Iwan Roberts: 'Glenn had a kind and gentle nature about him that a lot of people didn’t see'
- Credit: Paul Chesterton/Focus Images Ltd
I’ve been part of a group of former Watford players that have had a chat on WhatsApp for about 18 months now.
It includes the likes of John Barnes, Tony Coton, Luther Blissett and many others. It was Watford legend Luther's idea to get us all together so we could keep in contact as we’d all lost contact over the last 30 or 40 years.
We hold charity events together, golf days and things like that to raise money for local charities in the Watford area and during this tough time Luther has been asking us to ring vulnerable people who live on their own, just so they have some company and someone to talk to for a few minutes every week.
As you can imagine there’s a lot of mickey taking on this WhatsApp group chat, and believe you me, there’s no holds barred on there at times. But it’s all good fun and no one takes it a step to far.
But last Sunday the mood of the group was very different after we received some very, very sad news - that we’d lost a former team-mate that day. It was Luther who told us that Glenn Roeder had sadly passed away after a long battle with a brain tumour.
In 2003, while managing West Ham, Glenn suffered a brain tumour which was operated on successfully, but I don’t think he was ever the same after this, sadly.
I spent a couple of years with Glenn at Watford. I was just starting my footballing career and Glenn’s was coming towards its conclusion. I liked Glenn a lot and we got on very well. He was great towards the younger pros and apprentices at the club. He was always ready to help us and give us advice in which ever way he could. Glenn had a kind and gentle nature about him that a lot of people didn’t see, especially when he went on to become a manager.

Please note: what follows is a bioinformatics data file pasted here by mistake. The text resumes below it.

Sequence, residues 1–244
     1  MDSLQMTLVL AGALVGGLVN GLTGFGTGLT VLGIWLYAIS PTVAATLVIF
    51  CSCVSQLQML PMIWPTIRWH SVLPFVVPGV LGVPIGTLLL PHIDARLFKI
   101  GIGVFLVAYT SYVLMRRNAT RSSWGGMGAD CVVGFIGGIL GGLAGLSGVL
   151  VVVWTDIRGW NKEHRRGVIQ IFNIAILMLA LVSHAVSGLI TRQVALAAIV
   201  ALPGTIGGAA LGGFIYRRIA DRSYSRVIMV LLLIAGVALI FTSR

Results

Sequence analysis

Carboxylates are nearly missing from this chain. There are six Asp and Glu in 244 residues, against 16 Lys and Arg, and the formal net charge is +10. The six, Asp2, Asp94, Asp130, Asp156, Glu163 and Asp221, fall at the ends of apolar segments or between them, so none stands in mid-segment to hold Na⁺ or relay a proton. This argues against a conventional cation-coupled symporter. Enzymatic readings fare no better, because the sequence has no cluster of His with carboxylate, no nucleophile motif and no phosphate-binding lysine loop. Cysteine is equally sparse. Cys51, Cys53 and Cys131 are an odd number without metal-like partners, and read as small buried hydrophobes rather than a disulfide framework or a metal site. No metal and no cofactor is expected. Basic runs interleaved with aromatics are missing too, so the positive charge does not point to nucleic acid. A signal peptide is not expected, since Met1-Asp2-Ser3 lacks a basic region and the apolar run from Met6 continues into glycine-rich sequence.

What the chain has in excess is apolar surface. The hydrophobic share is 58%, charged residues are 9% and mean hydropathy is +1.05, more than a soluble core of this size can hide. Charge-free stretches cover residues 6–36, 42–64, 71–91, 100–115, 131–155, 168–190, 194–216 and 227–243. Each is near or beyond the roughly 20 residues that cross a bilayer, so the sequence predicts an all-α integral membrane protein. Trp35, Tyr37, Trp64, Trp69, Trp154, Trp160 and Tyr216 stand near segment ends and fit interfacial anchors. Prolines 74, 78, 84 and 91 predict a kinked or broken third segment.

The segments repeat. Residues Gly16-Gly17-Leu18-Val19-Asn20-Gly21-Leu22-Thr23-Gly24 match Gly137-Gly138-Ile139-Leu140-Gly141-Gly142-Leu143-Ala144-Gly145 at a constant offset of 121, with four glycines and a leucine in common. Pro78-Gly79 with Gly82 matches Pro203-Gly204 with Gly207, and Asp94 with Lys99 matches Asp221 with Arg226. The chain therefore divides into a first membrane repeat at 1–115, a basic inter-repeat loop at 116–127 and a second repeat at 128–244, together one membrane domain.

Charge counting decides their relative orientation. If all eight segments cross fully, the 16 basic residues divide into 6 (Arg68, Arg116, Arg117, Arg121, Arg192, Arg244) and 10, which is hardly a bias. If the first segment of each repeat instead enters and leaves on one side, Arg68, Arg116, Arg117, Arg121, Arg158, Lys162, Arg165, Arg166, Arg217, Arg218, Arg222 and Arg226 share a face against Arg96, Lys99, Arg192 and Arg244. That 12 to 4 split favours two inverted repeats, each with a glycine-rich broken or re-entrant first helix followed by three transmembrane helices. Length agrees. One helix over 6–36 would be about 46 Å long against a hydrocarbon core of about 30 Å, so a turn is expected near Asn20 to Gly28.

As a player, Glenn was years before his time; he was a ball playing centre-half who had the best lollipop I’ve ever seen. Now when I say lollipop, I don’t mean the type a child would want from the sweet shop. I’m on about when a footballer motions his leg around the ball as if to move it, but the ball doesn’t go anywhere, it stays still. I swear Glenn did it better than Ronaldo. As a forward you knew it was coming, you knew Glenn was going to do it - but there was nothing you could do about it, you still fell for it every time.
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Talking of centre-halves, Norwich have two of the best in the Championship in Ben Gibson and especially Grant Hanley, who’s been magnificent this season. Both love defending and both are very comfortable with the ball at their feet. I think Grant’s improved so much in this part of his game.
They’ve been part of a back five who’ve kept eight clean sheets in their last 12 games and that's why Norwich sit top of the tree, 10 points clear of Brentford and Watford. While the likes of Emi Buendia and Teemu Pukki have grabbed the headlines nine times out of 10 this season, it's the solidity of that defence, helped by fantastic work by Kenny McLean and on-loan Oliver Skipp, which has given the attacking players the freedom to do what they do best.
The last time Norwich won seven consecutive Championship games was towards the end of March, 2019, when they went on to win eight on the bounce. Even though Saturday's opponents Luton have won their last two league games, the way Norwich are playing right now with the confidence and momentum they’ve got, I can’t see anything but a seventh straight win and a step closer to the Premier League.